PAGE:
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Notes Progress report for the International Snow Leopard Trust Small Grants Program. Approved no
Call Number SLN @ rana @ 1063 Serial 50
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Author Ale, S.
Title Conservation of the snow leopard in Nepal Type Miscellaneous
Year Publication (up) Abbreviated Journal
Volume Issue Pages
Keywords Nepal; radio-collars; tracking; Annapurna-Conservation-Area; protected-areas; parks; reserves; refuge; conservation; livestock; religion; folklore; blue-sheep; blue; sheep; browse; radio collars; radio; collar; collars; annapurna conservation area; annapurna; area; protected; areas; 4080
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Notes Full text available at URL Approved no
Call Number SLN @ rana @ 2 Serial 51
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Author Ale, S.B.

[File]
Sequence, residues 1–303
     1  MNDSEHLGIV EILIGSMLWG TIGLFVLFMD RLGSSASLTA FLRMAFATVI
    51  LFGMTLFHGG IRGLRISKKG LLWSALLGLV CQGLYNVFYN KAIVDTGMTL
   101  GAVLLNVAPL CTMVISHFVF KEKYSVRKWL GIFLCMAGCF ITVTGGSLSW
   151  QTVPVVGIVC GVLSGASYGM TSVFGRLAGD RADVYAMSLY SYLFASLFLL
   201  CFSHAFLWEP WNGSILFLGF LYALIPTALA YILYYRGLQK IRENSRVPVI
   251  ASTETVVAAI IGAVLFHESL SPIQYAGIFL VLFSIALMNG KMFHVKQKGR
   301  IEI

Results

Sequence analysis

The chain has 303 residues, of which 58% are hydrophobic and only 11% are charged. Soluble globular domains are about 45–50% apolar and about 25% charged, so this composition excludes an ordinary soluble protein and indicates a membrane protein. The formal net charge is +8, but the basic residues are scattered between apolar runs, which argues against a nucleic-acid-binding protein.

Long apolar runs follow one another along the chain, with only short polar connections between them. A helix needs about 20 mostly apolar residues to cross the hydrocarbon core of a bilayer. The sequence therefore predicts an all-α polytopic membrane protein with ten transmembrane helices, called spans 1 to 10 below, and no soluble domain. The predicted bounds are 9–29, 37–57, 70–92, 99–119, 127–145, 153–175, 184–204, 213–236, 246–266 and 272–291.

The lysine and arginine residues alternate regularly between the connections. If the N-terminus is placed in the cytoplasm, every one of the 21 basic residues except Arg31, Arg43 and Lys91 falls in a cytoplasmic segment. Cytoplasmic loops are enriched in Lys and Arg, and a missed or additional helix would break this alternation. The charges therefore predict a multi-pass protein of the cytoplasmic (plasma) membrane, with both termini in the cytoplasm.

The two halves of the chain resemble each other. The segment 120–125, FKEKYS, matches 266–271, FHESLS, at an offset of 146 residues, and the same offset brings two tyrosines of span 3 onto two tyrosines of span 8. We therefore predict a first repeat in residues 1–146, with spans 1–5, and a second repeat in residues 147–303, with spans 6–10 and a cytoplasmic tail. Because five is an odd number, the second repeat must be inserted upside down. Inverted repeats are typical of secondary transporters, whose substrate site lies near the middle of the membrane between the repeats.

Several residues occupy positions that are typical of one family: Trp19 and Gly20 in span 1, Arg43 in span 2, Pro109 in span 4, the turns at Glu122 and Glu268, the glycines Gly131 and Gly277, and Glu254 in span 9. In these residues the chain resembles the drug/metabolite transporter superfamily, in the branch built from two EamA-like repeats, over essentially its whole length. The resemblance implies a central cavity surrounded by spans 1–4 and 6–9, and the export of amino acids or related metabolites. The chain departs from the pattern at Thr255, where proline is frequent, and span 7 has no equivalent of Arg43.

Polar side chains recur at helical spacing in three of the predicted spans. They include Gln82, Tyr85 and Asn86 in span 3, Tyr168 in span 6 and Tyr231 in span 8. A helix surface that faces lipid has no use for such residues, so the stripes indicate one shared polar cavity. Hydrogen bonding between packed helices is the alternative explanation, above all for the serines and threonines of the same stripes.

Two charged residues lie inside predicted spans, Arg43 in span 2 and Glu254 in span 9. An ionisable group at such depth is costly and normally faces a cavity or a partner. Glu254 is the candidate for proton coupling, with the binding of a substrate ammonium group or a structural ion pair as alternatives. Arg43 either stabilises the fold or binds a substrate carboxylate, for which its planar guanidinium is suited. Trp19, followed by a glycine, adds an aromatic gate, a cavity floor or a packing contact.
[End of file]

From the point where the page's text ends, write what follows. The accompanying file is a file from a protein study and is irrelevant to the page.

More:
Title Snow Leopard in Remote Districts of Nepal Type Miscellaneous
Year 1994 Publication (up) Abbreviated Journal
Volume xii Issue Pages
Keywords Nepal; Manang; livestock; livestock-depredation; baiting; predation; villagers; herders; annapurna; retribution; conservation; management; training; tourism; browse; 4600
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Publisher Islt Place of Publication Seattle Editor
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Notes Full Text at URLJournal Title: Snow Line Approved no
Call Number SLN @ rana @ 447 Serial 54
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Author Ale, S.B.
Title The Annapurna Conservation Area Project: A Case Study of an Integrated Conservation and Development Project in Nepal Type Conference Article
Year 1997 Publication (up) Abbreviated Journal
Volume Issue Pages 155-169
Keywords conservation; annapurna; park; parks; reserve; reserves; refuge; management; habitat; livestock; herders; herder; Acap; education; community-development; tourism; women; protected-area; browse; community; development; protected; area; 2960
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Publisher Islt Place of Publication Lahore, Pakistan Editor Jackson, R.; Ahmad, A.
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Notes Full text at URLTitle, Monographic: Eighth International Snow Leopard SymposiumPlace of Meeting: Islamabad, PakistanDate of Copyright: 1997 Approved no
Call Number SLN @ rana @ 394 Serial 55